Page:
Daniel Pelka case 'could happen again' says council

Daniel Pelka Daniel Pelka died at the hands of his mother and her partner, but a review concluded he was 'invisible' to authorities

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The head of the social care department that "missed chances" to save the life of a boy has said he could not rule out a similar case happening in future.

Daniel Pelka, from Coventry, died in March 2012, after being starved and abused by his mother and her boyfriend.

In September, a serious case review found Daniel, four, was "invisible" at times to police, NHS and social care.

Brian Walsh, of the city council, said the authority faced a "massive challenge".

'Care not a science'

Mr Walsh said: "I could never give assurances this could never happen again.

Care in Coventry: What's changed?

Coventry council offices
  • Different agencies in the city from education, health and social care, are expected to be working together in a 'hub' by April
  • West Midlands Police has cleared a backlog of domestic abuse reports
  • Police say they are also ensuring children in domestic abuse call-outs are 'safe and well', by conducting a series of checks
  • However, some councillors say the LSCB, which is coordinating child welfare in the city, needs to have 'measurable targets' and 'tangible examples' of its changes
  • School governors are having to wait for up to a year to get safeguarding training
  • The Department for Education has rejected a plan by Coventry schools to spend a £90,000 grant on a domestic violence awareness service

"Social care is not a science. All we can do is be clear about our requirements and ensure professionals are properly supported."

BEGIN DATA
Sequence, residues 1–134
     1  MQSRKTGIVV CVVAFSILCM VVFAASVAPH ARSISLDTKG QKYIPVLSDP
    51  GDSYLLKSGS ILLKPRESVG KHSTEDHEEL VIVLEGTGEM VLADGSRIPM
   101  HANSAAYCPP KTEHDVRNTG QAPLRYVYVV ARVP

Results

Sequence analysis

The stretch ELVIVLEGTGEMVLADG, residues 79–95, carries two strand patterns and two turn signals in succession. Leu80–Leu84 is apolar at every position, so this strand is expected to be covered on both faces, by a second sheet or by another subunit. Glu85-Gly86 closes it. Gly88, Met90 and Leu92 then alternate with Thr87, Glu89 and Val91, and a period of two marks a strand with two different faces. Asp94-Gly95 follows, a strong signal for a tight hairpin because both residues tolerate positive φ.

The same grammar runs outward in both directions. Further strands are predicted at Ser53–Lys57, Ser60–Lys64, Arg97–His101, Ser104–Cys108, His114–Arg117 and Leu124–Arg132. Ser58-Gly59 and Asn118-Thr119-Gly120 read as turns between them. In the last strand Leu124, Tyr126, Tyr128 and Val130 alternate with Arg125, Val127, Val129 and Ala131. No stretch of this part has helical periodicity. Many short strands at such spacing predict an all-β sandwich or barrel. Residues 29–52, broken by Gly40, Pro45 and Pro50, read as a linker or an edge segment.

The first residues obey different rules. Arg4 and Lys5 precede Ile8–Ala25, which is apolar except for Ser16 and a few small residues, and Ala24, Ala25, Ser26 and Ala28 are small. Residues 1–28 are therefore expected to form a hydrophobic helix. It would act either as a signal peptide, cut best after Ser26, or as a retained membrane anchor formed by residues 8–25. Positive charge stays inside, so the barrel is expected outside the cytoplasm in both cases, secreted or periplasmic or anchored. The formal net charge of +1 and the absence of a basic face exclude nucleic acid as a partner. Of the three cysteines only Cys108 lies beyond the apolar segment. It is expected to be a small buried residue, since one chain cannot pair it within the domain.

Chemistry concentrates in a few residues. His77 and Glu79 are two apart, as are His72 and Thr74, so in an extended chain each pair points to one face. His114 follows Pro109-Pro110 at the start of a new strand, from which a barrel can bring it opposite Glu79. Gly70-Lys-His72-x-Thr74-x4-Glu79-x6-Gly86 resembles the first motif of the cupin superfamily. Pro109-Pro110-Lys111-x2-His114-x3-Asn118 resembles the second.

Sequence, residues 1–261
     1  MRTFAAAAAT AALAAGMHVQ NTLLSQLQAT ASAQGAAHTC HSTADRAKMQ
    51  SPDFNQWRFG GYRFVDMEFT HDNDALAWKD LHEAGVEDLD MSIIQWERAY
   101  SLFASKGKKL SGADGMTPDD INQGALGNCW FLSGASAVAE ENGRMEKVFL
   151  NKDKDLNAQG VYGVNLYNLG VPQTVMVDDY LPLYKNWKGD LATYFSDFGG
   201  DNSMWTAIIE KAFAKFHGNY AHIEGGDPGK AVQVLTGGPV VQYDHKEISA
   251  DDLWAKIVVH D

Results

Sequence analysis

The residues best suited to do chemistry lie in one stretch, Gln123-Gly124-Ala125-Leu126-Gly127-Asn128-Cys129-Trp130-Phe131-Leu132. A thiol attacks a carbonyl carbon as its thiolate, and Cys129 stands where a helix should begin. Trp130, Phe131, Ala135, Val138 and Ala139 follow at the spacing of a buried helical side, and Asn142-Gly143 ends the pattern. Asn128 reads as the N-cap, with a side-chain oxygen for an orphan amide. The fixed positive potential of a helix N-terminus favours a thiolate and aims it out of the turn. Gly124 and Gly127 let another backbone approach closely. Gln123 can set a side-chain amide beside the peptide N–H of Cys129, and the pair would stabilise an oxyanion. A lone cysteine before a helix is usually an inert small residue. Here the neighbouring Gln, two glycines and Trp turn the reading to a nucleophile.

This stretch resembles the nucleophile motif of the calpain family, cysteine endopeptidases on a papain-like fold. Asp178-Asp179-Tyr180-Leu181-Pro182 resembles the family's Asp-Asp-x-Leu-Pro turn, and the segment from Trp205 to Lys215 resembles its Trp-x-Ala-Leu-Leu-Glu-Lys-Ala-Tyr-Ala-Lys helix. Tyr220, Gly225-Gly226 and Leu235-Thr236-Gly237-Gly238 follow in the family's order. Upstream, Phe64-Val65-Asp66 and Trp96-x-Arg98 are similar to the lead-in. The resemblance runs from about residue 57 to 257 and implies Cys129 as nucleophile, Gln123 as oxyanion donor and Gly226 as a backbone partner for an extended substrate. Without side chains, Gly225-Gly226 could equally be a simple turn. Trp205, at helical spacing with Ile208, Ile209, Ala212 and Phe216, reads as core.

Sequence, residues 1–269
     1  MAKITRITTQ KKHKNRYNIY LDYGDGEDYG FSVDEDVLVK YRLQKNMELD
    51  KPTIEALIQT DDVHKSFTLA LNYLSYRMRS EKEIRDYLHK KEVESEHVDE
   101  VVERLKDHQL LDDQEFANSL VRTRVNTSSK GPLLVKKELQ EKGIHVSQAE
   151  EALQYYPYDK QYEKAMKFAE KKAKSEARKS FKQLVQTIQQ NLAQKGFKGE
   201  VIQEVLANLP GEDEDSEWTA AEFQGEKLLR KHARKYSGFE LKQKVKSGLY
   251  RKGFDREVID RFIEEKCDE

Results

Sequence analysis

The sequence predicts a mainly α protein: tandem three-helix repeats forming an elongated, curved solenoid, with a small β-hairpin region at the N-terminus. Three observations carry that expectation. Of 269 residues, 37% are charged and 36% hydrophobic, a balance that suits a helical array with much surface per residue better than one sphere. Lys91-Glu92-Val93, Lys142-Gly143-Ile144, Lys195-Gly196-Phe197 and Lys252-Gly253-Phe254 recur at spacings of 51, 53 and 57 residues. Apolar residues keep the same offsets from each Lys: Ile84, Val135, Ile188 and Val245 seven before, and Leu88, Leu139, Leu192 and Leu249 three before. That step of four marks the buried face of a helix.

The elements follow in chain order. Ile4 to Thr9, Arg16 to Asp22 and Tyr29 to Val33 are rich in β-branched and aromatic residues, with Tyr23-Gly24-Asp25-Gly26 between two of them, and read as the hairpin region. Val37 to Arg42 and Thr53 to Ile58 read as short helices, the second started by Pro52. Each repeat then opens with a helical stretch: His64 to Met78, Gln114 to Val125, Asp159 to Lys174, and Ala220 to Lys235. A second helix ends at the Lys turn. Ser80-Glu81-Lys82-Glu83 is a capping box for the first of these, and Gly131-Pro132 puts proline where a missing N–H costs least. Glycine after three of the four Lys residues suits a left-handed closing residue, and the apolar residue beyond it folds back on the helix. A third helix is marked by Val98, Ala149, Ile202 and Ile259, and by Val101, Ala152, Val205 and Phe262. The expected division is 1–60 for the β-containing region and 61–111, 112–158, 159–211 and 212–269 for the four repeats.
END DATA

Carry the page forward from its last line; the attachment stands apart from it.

The comments were made in a council meeting to evaluate what progress had been made in meeting the review's 15 recommendations.

Daniel died at the hands of his mother, Magdelena Luczak, 27, and her partner Mariusz Krezolek, 34. The pair were convicted of his murder in July.

The council is currently undergoing a four-week Ofsted inspection of its social care services.

Mr Walsh said the results of the inspection may determine the future of the department.

'State of shock'

He said he needed to manage "the massive challenges we have as a council to manage our budgetary pressures" alongside expectations society has about keeping children safe.

He added the council had seen an "exponential increase" in the number of referrals since the Daniel Pelka case but had taken on additional resources to manage it.

The council heard from Amy Weir, head of Coventry's Local Safeguarding Children Board (LSCB), that there had been "significant activity" to make changes but there was still "huge chunks of work" to do.

"We need to speed up in my opinion," she said. "It's been very difficult and there was a long period where local services were in a state of shock."

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